One of the most potent political arguments for legalising stem cell research is the threat of job losses. In Australia’s recent debate over therapeutic cloning, for instance, its supporters harped on the departure for the US and Singapore of talented researchers. But is this biotech brain drain a result of hostile laws or part of a natural movement towards offshoring? A recent feature in the Union Tribune, of San Diego, home to a thriving biotech industry, highlights the giant sucking sound of jobs flowing east to China and India.
Recent studies have shown that drug companies are farming out jobs to American contract research groups or cheaper offshore companies. A survey of 186 top global companies with a combined R&D budget of US$76 billion found that by the end of 2007 China and India will account for 31% of global R&D staff, up from 19% in 2004. “Companies are increasingly looking abroad to spur innovation and build new markets. In today’s competitive environment, business can’t be held hostage by the ‘not invented here’ syndrome,” says a spokesman for consulting firm Booz Allen Hamilton.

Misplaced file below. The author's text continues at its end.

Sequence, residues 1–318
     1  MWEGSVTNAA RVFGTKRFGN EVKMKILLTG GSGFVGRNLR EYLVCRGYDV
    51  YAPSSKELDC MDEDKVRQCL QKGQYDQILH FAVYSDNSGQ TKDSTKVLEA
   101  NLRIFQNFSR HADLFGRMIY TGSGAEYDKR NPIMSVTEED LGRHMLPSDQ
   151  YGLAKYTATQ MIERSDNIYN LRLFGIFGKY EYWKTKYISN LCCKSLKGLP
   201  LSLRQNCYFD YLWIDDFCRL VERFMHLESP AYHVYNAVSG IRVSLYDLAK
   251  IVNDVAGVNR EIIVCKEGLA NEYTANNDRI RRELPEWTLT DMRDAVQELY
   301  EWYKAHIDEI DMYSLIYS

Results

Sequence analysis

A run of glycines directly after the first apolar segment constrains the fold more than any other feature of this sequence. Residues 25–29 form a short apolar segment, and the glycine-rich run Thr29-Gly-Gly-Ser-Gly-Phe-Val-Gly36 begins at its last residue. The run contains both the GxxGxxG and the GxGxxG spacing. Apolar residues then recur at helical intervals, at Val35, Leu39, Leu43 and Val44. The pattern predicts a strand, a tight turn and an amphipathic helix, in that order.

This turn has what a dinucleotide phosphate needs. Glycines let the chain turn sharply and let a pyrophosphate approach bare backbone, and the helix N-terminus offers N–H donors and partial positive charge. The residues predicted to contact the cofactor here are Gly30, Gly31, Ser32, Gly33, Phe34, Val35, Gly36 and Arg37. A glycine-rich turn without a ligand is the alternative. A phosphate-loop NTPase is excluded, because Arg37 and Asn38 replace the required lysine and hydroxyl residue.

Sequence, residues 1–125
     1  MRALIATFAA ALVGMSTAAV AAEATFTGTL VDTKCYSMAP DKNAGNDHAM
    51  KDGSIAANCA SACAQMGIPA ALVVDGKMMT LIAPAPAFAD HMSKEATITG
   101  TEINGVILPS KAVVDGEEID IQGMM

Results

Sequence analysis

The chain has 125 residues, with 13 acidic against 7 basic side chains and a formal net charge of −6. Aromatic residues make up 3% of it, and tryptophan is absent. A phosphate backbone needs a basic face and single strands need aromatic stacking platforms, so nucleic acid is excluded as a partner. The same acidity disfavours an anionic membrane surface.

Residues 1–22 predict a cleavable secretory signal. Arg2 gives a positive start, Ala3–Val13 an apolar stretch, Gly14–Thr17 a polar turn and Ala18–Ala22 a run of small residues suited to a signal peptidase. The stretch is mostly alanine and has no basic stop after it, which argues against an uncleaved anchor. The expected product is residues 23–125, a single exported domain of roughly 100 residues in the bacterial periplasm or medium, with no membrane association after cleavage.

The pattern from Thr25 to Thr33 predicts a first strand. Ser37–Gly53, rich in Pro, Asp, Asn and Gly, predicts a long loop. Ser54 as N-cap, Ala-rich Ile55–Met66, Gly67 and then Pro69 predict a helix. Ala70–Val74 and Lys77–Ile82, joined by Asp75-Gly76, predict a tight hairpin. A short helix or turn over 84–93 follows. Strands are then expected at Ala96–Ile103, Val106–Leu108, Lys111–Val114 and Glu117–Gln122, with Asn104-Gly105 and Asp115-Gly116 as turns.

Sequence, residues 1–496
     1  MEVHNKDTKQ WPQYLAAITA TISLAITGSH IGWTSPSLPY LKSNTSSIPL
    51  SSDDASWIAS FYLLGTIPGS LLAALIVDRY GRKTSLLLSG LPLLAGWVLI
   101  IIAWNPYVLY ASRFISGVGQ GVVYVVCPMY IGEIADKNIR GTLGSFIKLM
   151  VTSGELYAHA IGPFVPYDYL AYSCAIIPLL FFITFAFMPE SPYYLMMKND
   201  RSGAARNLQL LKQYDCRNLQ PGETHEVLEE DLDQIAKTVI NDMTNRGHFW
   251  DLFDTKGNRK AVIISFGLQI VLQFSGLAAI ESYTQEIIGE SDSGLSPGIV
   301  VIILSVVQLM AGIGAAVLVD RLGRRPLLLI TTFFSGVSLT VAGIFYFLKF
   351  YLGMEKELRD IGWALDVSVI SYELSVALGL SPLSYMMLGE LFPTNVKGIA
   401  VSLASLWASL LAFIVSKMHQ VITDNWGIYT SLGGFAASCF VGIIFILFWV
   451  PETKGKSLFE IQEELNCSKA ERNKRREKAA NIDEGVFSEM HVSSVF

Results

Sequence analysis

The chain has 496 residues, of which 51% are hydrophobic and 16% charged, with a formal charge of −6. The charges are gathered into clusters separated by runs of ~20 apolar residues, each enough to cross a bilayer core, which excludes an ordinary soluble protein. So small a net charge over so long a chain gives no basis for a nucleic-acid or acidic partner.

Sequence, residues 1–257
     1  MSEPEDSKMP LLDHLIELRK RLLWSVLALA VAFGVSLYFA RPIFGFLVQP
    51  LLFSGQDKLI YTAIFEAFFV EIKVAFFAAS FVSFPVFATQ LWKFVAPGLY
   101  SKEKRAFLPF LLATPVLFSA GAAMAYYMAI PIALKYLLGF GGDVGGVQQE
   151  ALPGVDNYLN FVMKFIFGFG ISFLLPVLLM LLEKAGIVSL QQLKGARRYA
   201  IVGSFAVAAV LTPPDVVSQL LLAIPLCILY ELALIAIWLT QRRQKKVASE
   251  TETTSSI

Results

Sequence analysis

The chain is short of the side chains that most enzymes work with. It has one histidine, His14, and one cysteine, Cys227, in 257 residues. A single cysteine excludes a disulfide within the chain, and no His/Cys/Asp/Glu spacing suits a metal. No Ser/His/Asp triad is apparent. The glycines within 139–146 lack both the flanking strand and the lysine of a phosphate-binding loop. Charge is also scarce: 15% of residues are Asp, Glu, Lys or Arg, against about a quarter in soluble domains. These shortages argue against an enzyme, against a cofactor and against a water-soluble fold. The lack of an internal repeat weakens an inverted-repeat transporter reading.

In the American biotech industry, the trend is for the creation of virtual companies with a small staff which handle late-stage products or revamping existing drugs with offshore workers. “Using the labour market in China, you can multiply by 10 the number of products you can put on the market,” says one biotech executive.
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